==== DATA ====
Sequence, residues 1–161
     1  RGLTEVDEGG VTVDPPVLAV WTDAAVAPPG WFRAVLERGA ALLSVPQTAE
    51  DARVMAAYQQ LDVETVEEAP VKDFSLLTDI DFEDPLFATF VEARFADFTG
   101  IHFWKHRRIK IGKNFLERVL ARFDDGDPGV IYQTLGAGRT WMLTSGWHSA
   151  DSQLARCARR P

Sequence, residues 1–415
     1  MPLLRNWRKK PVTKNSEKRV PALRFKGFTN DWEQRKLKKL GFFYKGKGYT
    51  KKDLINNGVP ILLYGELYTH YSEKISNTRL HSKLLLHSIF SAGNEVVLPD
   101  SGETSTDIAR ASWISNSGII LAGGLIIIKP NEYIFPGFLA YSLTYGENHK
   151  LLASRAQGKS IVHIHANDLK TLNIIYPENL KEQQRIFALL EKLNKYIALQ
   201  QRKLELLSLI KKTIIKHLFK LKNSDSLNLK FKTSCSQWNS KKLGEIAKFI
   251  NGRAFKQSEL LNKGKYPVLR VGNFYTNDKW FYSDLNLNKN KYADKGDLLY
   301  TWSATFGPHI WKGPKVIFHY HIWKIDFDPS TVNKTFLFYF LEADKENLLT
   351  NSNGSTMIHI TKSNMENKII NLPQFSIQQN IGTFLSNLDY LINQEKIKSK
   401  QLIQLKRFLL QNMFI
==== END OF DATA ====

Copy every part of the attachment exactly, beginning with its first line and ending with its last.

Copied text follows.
Sequence, residues 1–161
     1  RGLTEVDEGG VTVDPPVLAV WTDAAVAPPG WFRAVLERGA ALLSVPQTAE
    51  DARVMAAYQQ LDVETVEEAP VKDFSLLTDI DFEDPLFATF VEARFADFTG
   101  IHFWKHRRIK IGKNFLERVL ARFDDGDPGV IYQTLGAGRT WMLTSGWHSA
   151  DSQLARCARR P

Sequence, residues 1–415
     1  MPLLRNWRKK PVTKNSEKRV PALRFKGFTN DWEQRKLKKL GFFYKGKGYT
    51  KKDLINNGVP ILLYGELYTH YSEKISNTRL HSKLLLHSIF SAGNEVVLPD
   101  SGETSTDIAR ASWISNSGII LAGGLIIIKP NEYIFPGFLA YSLTYGENHK
   151  LLASRAQGKS IVHIHANDLK TLNIIYPENL KEQQRIFALL EKLNKYIALQ
   201  QRKLELLSLI KKTIIKHLFK LKNSDSLNLK FKTSCSQWNS KKLGEIAKFI
   251  NGRAFKQSEL LNKGKYPVLR VGNFYTNDKW FYSDLNLNKN KYADKGDLLY
   301  TWSATFGPHI WKGPKVIFHY HIWKIDFDPS TVNKTFLFYF LEADKENLLT
   351  NSNGSTMIHI TKSNMENKII NLPQFSIQQN IGTFLSNLDY LINQEKIKSK
   401  QLIQLKRFLL QNMFI